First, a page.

Sentir Cubano
In Spanish, sentir cubano means "to feel Cuban" -- as if living in Miami and consuming your daily dose of cortaditos were not enough. So maybe this Calle Ocho shop should be called Ser Cubano, "to be Cuban," because if you weren't already blessed by birth, this store has all the ingredients to help you become, at the very least, a wannabe Cuban. Begin with apparel: Buy yourself a guayabera, a T-shirt with the emblem of a Cuban baseball team, and an enormous belt buckle emblazoned with the Cuban flag. Then move over to the cigar aisle, stock up on a couple of stogies, and grab a lovely taxidermied rooster for good measure. The music section is stocked with old-timey favorites like Beny Moré, Celia Cruz, and Barbarita Diaz, perfect to dance to while you make a café con leche with your new coffeemaker and a medianoche with your new sandwich press. (The place has cookbooks in English and Spanish if you need some help.) Don't forget to pick up a set of traditional double-nine dominoes, domino stands, and a domino table (there are cubilete and Spanish playing cards too); when you're not using the table for games, you can display a few antique yearbooks from pre-Castro high schools, purchased from Sentir Cubano's huge collection. Buy a framed display of old-fashioned currency to hang on the wall, plaster your car with stickers, and put some Fidel Castro toilet paper in the bathroom. If that isn't enough, check out owners Miguel and Maria Vazquez's first store, online at www.cubanfoodmarket.com.
Miami needs more guns. Simply put, the police are overburdened and understaffed, and it's clearly time for private citizens to take matters into their own hands. No one's calling for armed insurrection yet, just more "deterrence." Imagine the message you could have sent to that bitch in the SUV who almost ran you off the road without looking up from her Blackberry if you'd been wielding a .357 instead of your middle finger! With that in mind, it's worth noting that Ace's has won this award before, and for good reason. This is simply, beyond question, the Glock-totinest, cap-bustinest, armor-piercinest heater haven in Miami. The victorious smell of Cordite hangs in the air as soon as you enter Ace's, and you can hear the shots coming from the indoor range (rent a gun for $20 and pay $9 per hour for target practice); it's a reveille for all of those who are bad-ass enough to heed the literal call to arms. Ace's carries everything from purse-size pistols to massive Magnums. And the ambience is perfect: from the poster of kittens frolicking with handguns hanging over the gun safe, to the folks just in from the range comparing paper targets, to the happy chatter ("Now this round will go through two, maybe three people before stopping...."), Ace's is the place to get your gat and go forth -- for Justice!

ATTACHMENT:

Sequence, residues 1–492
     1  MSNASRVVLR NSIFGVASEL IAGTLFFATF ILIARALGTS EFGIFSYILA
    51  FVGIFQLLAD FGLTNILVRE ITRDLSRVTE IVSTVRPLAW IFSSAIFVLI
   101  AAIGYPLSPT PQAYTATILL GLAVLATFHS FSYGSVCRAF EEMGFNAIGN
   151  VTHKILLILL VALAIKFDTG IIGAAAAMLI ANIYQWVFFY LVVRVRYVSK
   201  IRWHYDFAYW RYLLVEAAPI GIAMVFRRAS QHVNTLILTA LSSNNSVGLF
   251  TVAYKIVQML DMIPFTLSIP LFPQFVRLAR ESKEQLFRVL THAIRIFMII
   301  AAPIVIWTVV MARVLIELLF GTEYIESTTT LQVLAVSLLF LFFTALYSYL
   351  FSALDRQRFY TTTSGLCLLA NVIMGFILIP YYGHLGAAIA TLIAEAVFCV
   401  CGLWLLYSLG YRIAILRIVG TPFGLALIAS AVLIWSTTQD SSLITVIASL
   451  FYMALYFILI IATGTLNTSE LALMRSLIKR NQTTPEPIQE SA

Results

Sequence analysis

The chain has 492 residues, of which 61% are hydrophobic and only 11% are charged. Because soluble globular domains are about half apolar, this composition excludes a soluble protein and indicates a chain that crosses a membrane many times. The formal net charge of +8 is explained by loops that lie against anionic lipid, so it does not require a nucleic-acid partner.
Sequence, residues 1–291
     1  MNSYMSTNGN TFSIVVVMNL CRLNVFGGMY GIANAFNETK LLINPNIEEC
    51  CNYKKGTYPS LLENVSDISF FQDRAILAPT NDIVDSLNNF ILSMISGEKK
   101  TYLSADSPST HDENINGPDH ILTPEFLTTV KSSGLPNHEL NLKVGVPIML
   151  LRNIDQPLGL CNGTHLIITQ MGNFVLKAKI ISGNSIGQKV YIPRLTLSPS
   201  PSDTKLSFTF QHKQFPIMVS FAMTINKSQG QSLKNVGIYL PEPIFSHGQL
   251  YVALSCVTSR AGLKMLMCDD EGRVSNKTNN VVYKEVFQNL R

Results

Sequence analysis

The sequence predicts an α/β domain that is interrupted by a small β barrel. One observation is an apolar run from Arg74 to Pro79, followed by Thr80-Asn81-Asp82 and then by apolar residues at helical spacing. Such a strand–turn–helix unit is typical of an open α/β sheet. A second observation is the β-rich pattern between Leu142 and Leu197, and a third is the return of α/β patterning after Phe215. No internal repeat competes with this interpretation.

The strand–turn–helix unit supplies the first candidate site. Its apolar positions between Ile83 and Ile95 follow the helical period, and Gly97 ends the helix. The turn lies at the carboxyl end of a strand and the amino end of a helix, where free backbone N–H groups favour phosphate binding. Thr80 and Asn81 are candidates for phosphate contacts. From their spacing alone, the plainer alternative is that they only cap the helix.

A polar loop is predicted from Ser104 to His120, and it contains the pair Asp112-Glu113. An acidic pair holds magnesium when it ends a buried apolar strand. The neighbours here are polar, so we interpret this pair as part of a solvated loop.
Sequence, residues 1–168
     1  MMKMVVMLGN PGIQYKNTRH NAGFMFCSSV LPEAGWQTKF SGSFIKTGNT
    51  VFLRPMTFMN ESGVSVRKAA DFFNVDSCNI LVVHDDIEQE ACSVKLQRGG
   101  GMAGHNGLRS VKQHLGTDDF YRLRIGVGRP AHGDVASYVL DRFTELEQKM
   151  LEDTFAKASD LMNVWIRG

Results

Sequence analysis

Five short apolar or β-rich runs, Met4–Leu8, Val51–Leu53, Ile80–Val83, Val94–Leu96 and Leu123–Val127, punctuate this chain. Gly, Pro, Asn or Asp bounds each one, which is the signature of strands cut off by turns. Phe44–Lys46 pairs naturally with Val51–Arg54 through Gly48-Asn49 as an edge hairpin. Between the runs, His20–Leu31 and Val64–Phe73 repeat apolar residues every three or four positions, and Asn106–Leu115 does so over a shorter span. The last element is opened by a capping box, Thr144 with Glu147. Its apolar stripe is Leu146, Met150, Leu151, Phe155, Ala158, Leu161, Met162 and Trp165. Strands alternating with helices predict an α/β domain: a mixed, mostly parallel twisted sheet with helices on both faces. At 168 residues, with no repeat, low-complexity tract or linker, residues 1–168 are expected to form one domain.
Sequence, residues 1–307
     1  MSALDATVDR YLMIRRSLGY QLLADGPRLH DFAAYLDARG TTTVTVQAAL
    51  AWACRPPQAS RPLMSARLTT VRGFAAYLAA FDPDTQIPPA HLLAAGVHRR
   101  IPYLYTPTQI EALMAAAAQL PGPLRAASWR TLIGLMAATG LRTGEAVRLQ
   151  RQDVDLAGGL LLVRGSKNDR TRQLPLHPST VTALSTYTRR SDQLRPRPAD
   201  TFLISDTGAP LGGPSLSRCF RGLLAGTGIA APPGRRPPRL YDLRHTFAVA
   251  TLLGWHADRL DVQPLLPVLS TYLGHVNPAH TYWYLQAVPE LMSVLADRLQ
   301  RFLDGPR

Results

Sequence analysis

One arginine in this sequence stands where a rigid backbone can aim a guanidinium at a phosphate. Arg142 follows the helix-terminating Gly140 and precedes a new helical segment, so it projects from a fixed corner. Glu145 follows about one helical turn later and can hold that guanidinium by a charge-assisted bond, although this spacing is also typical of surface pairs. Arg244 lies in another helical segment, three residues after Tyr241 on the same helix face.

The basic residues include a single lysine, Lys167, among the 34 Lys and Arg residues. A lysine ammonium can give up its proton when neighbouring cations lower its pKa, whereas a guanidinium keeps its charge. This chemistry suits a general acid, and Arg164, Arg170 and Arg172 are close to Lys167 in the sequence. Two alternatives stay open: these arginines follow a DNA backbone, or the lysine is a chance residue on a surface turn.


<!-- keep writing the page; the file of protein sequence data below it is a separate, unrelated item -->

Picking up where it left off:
"There used to be dive shops all over the place," says Judy Miller. "Now we're the only one in the area." As the owners of Divers Den Miami, Judy and her husband Jim have been running this one-stop shop for undersea fun since 1977. Experienced divers can rent or buy any equipment they need in this place, which is neatly tucked away in the Shops of Kendall strip mall. Uzzi gear? Check. Mares goggles? There are many pairs, ranging from $60 to $79. A Currents snorkel vest for $49.95? Snap it all up here. And wannabe divers can obtain scuba certification through the store, which staffs two instructors (one of whom is also a trainer of dive instructors, and a University of Miami professor). Dive training sessions are scheduled first in area pools and then with charter groups in the shallow reefs of the northern Florida Keys, and the review course costs just $150. But the best reason to stop by Divers Den is for friendly conversation with the Millers and to meet the store mascot, a galloping galoot of a chocolate lab named DuPont, who plops his furry paws atop the counter as though he's ready to ring up your purchase.